Spokane (Wash.) district is eliminating school librarians

District is making cuts to deal with a projected $31 million deficit in 2019-20.

Every librarian working for the Spokane (Wash.) school district has received notice that their jobs will be eliminated next year.

The Spokane Spokesman-Review reports that those with less experience will probably be laid off this summer, as the district confronts a projected $31 million deficit next year.

Other librarians have been placed in an “involuntary transfer pool,” and may be teaching in a classroom in the fall.

As part of a message regarding potential layoffs, Superintendent Shelley Redinger says the district will “change the library model districtwide.”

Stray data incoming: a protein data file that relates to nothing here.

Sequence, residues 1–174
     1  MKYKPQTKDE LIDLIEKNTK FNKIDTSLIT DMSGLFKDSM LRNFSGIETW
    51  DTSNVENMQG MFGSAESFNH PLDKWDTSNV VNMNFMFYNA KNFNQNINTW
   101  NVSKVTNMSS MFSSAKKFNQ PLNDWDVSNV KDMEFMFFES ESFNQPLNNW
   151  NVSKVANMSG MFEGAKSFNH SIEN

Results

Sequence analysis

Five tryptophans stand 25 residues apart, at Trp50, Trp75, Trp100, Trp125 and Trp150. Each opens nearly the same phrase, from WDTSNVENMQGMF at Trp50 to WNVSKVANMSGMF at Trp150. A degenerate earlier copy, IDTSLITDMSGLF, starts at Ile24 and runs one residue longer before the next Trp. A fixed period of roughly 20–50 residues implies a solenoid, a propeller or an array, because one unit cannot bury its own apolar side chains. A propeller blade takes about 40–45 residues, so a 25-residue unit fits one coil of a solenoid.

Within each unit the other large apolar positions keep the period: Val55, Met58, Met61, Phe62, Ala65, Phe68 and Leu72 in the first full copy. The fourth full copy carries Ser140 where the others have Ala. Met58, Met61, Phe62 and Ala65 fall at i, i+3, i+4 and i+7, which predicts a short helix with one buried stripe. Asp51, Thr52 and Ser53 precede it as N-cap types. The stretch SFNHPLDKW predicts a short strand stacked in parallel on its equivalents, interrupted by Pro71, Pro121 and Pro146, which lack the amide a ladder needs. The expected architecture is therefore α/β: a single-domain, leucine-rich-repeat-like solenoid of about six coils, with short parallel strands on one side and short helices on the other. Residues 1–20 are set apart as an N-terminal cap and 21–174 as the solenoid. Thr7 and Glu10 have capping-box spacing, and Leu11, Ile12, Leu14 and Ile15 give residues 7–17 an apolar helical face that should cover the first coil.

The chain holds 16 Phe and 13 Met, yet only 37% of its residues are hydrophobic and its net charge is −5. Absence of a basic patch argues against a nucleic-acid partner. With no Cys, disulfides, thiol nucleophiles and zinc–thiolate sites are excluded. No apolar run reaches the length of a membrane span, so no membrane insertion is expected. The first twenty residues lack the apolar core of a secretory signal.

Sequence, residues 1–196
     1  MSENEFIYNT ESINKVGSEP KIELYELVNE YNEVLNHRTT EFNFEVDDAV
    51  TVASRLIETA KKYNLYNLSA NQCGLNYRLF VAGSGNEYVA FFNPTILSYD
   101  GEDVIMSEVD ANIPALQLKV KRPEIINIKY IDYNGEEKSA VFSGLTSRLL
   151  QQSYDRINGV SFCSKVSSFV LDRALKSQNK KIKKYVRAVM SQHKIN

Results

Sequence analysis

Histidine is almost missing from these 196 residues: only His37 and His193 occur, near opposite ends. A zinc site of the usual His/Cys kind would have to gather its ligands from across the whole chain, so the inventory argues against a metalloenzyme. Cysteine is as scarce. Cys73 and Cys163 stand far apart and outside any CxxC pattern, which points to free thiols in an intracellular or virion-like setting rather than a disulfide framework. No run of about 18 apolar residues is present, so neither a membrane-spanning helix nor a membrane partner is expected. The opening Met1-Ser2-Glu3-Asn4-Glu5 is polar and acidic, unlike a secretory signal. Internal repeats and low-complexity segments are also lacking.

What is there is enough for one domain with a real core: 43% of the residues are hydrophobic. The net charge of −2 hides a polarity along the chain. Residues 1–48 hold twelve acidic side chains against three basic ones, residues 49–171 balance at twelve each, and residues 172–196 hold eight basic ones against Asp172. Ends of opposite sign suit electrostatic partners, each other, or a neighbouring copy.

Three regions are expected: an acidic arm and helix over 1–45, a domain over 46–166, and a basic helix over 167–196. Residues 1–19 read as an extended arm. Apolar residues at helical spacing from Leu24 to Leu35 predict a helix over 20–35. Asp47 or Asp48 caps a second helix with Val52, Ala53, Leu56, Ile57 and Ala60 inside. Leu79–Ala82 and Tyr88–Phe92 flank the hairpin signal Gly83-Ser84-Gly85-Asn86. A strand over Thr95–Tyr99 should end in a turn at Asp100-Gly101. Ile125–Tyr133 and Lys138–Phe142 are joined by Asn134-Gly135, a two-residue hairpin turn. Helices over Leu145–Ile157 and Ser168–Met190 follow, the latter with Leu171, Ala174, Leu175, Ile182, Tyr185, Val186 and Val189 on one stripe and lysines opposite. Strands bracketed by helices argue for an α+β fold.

Elementary school teachers will bring their students into the libraries for designated periods.

“Students will still have access to library books and materials the same way they do now,” says district spokesman Brian Coddington. “The students’ experience in the library will revolve around their classroom teacher.”

It’s unclear how much money the district will save by eliminating library positions.

Last year, the National Center for Education Statistics reported that from 2009 to 2016, more than 9,000 full-time equivalent school library positions were eliminated. That’s about 15 percent of all positions nationwide.

Spokane school librarian Stephanie Oakes is one of those whose job is being eliminated.

“I’m distraught for what this means for our district, for our students who will grow up without everything that a school librarian provides,” she says.

That includes ordering the right books and offering specialized help.

Other duties may include instruction of students in library science; lesson planning and professional planning with teachers; and training faculty and students in the use of technology.



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